Johnson and Johnson (NYSE:JNJ)
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By Peter Loftus
Drugmakers are trying to win drug approvals by parsing vast data sets of electronic medical records, shifting away from lengthy, and costly, clinical trials in patients.
Pfizer Inc., Johnson & Johnson and Amgen Inc. are among the drugmakers that have submitted the data-mining analyses to the U.S. Food and Drug Administration in seeking approval to sell new medicines or for new uses for older ones. The FDA has approved new uses for breast cancer, bladder cancer and leukemia drugs in part based on the data.
For the companies, the use of real-world data can cut costs and shorten drug-development times. Instead of finding trial subjects, companies simply mine hospital and doctor files for cases where patients already took a drug in routine medical care, looking for changes in blood pressure, tumor size and other readings to see if the medicine is helping or causing a side effect.
This real-world evidence is sometimes used in lieu of a clinical trial's control arm, to compare outcomes for past patients who got a standard treatment against people who are taking a new drug in a clinical trial. Such analyses can take months, compared with years for prospective clinical trials.
Some doctors worry about forsaking clinical trials, which are carefully designed and conducted in patients to get a sound read on a drug's safety and efficacy. Health records often have errors, the skeptics say, and even an analysis of records that are error-free doesn't have the same scientific rigor as a clinical trial in sizing up a drug.
Data from a clinical trial "are invaluable because it gives you a sense of, 'In perfect circumstances, did the intervention work?'" said Dr. Joseph Ross, professor of medicine and public health at Yale School of Medicine.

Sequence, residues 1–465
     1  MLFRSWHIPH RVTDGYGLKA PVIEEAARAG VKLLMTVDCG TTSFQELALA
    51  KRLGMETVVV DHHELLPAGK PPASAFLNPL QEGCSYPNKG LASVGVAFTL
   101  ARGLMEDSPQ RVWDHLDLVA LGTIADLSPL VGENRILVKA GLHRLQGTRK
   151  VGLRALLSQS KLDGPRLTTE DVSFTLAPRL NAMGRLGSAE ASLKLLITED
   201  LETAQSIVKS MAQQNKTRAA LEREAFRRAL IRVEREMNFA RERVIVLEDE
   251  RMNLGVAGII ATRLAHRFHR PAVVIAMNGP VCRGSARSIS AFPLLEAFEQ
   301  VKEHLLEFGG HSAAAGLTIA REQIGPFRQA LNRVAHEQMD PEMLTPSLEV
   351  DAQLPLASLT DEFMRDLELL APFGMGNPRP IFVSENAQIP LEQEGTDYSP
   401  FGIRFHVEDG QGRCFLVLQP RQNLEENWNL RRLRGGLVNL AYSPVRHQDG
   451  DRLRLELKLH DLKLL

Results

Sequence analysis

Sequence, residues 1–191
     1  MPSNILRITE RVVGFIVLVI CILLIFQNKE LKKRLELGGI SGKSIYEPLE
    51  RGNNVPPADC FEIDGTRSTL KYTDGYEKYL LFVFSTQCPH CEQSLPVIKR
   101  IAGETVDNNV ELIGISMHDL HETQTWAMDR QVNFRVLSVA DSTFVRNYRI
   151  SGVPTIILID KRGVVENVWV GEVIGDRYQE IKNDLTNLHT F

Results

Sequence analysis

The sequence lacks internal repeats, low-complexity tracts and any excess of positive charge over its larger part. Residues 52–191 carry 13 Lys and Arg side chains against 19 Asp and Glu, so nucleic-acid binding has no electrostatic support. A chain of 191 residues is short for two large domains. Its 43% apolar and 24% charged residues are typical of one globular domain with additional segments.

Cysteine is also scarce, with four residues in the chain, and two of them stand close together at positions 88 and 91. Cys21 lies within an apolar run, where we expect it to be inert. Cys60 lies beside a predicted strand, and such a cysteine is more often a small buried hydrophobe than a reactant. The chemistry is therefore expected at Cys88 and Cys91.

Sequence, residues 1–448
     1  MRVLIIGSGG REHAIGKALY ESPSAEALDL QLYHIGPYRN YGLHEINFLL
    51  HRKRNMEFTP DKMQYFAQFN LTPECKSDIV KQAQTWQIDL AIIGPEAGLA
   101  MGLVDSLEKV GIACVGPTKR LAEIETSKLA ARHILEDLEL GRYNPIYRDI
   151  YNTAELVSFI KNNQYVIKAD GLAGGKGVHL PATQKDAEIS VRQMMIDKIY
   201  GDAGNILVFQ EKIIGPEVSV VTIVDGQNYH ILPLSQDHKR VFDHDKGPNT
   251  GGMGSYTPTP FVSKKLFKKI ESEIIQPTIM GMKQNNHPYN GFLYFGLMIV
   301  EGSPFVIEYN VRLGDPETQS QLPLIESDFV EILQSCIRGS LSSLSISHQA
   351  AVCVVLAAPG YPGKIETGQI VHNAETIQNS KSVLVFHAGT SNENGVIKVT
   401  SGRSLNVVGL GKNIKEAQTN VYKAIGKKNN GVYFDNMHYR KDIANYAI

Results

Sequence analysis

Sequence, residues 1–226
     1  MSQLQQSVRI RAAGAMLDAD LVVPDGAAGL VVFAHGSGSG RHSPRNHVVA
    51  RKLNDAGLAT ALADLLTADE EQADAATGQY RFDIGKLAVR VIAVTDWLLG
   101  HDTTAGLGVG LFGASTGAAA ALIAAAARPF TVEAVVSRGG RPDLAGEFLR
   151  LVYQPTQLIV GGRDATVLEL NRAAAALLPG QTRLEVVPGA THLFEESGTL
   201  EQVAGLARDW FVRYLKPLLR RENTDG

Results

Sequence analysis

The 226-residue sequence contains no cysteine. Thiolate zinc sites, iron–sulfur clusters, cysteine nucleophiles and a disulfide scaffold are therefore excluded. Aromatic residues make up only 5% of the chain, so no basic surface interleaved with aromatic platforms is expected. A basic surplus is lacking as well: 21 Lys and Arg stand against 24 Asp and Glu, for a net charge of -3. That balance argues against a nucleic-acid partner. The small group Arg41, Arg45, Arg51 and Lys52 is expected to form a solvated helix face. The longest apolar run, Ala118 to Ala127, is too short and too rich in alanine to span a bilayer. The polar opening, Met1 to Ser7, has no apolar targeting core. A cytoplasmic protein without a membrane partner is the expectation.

Supporters of real-world analyses say it is unlikely they would replace standard clinical trials needed for the initial approval of a new drug. Instead, data-mining could augment such trials or be done instead of trials for secondary approvals of a new use, when patients are already taking the drug for an unapproved use and can be tracked.
Clinical trials have been a bedrock of medical testing for decades. The most reliable ones randomly assign some subjects to take an experimental drug, while other subjects get a placebo or older drug.
But for rare diseases especially, it can take awhile to even enroll enough patients in studies. And their cost can limit the number of trials that companies can fund, drugmakers say.
A 2016 law required the FDA to explore greater use of real-world data, and the agency is developing standards to assess the reliability of different data sources and which kinds of decisions the data support.
"Real-world evidence should not be a means toward dropping standards, but rather a mechanism to have more efficiency in evidence generation while maintaining standards," said FDA Principal Deputy Commissioner Amy Abernethy, a former executive at health-data firm Flatiron Health.
A market has emerged in recent years for digital drug-use information. Iqvia Inc., which tracks prescription and health data, has about a dozen projects under way, said Nancy Dreyer, the company's chief scientific officer of real-world evidence.